- Your business and farm values are likely zero: Questions 43 and 92 ask for the value of investment farms or small businesses.
- Most families will have a value of zero. Unless you employ more than 100 employees or your family has less than 50% of the voting rights, you don’t need to declare this. Likewise, farms can be excluded if you live and work on the farm.
If you’re not sure, what a question means, use the guide Completing the FAFSA to understand the definition. The wording of questions leads a lot of people to overestimate their EFC.
In addition to avoiding errors, careful planning can help you reduce your EFC and maximize your aid.
Reduce your assets
One of the best ways to reduce your EFC is to reduce the assets that you declare on the FAFSA. You can do this without destroying your wealth. These are a few options to consider.
- Pay down consumer debt (reduces available cash).
- Don’t cash out a life insurance policy.
- Carry debt on rental properties rather than a personal house (your personal house isn’t an asset that the FAFSA considers, but rental properties are).
- Accelerate needs-based purchases (reduces cash for spending you would have done otherwise).
- Contribute money to retirement accounts.
Reduce your income
Smart income planning will help keep your EFC low. These are a few ideas that can help reduce the amount of income counted on the FAFSA.
- Ask grandparents to delay financial help until the last year of school. Gifts from relatives are untaxed income that need to be declared on the FAFSA. The last year of school won’t appear on the FAFSA, so a gift in the last year goes a long way.
- Avoid realizing capital gains (selling a rental property or a brokerage account) until the last year of college. Capital gains cannot be sheltered, and they are counted toward income. Most families should not realize capital gains during the college years to avoid FAFSA penalties.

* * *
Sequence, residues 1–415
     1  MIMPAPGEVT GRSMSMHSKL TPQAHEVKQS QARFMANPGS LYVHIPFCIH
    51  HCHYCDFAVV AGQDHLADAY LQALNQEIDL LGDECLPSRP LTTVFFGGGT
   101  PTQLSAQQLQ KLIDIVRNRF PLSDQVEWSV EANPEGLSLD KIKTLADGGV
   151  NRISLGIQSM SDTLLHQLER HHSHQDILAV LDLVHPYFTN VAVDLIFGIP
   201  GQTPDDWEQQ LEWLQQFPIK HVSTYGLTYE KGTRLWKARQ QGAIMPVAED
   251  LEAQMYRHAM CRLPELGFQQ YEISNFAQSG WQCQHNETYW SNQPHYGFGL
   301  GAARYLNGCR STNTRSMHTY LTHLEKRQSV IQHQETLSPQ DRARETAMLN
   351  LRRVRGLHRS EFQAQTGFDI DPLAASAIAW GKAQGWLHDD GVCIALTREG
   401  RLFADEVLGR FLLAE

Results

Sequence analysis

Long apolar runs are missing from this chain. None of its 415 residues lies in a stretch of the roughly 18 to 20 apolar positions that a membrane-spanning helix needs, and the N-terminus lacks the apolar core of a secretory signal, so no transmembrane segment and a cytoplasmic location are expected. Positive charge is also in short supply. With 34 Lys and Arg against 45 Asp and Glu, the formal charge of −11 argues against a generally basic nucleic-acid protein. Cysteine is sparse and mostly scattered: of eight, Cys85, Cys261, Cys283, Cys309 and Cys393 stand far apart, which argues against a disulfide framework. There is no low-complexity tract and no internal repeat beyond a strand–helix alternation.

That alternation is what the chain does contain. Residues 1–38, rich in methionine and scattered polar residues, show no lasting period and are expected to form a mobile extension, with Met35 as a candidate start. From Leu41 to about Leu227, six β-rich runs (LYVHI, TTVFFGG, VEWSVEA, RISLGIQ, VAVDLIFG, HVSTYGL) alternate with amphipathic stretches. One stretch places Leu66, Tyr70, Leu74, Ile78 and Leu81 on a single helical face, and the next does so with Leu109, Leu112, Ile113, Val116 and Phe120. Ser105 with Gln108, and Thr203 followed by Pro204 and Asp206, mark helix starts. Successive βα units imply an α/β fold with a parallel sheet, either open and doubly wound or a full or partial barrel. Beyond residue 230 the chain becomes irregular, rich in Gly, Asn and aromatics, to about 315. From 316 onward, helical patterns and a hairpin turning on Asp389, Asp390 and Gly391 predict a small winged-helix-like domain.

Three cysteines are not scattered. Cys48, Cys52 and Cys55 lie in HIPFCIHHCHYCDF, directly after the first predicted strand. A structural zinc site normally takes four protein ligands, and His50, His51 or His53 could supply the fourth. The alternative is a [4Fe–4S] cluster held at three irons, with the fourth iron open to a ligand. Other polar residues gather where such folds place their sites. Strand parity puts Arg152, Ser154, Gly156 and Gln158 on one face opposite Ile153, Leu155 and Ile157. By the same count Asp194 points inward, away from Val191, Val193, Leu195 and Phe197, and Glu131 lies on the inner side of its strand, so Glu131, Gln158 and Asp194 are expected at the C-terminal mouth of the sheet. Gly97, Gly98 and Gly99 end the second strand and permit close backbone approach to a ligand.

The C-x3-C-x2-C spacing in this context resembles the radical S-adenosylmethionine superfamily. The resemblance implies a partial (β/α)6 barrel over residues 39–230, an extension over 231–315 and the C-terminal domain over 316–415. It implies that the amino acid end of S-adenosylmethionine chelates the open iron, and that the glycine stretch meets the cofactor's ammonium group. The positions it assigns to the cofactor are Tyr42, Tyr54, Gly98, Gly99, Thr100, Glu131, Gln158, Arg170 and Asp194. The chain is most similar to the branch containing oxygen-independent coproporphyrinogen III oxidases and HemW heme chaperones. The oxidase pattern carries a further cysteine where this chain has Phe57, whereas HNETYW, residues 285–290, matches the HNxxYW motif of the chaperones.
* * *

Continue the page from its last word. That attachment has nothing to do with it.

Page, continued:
- Contribute to a pre-tax retirement plan like a 401(k) or a Traditional IRA.
- Contribute to a health savings account.
Increase your ability to shelter income and assets
The FAFSA allows families to shelter some portion of their income and assets. Taking full advantage of these shelters may lead to more aid. These are a few things to consider.
- Parents with small businesses should hire their students for up to $6,400 worth of work. This reduces parents’ income by $6,400 and increases the student’s income up to the sheltered amount for dependent students.
- Parents of dependent students should keep assets in their name. Dependent students have to contribute 50% of available assets as opposed to 12% of parents’ available assets.
- Delay college until independence. Students who get married or wait until age 24 to start college will not have to consider their parents’ income or assets.
- Invest more in the family farm or business. A family farm or family business can help you build wealth, and you don’t have to declare these on the FAFSA.
Avoid high-cost strategies
Some families get tricked into high-cost strategies that don’t pay off. These are a few that you should avoid.
- Don’t take out a whole life insurance policy. A whole life insurance policy reduces your available cash, but it comes at a high commission cost. Don’t bother purchasing one unless you actually want whole life insurance coverage.
Don’t try to shelter assets in a trust. A trust where you or your child is a named beneficiary needs to be declared on the FAFSA. It’s difficult to get around this. Unless you have a specific need for a trust, don’t create one.
How can I use FAFSA to plan for college costs?
The FAFSA is not a college-cost planning tool, but you can use other tools to plan for upcoming college costs. College Navigator offers free information on current college costs. Using it with estimated aid from the FAFSA4caster will give high school students a good idea of their aid options. You could also consider using a paid tool like EFC Plus for an easier college-planning tool.
Parents and students looking to keep student loan debt low will benefit from using the Family Budget Analyzer, which can help you find places to cut expenses. A college cost projector will help you know the costs that your family needs to cover. Sallie Mae also offers a long-range planning calculator that can help you estimate your total indebtedness upon college graduation.
Understanding the FAFSA is one small part of planning for college costs. It will pay for you to understand it, but federal aid is just one component of the college-planning picture. Most students will need to devote time to finding a cost-effective education and applying for grants and scholarships to supplement federal aid.
The post The Ultimate FAFSA Guide: Maximize Federal Student Aid for College appeared first on MagnifyMoney.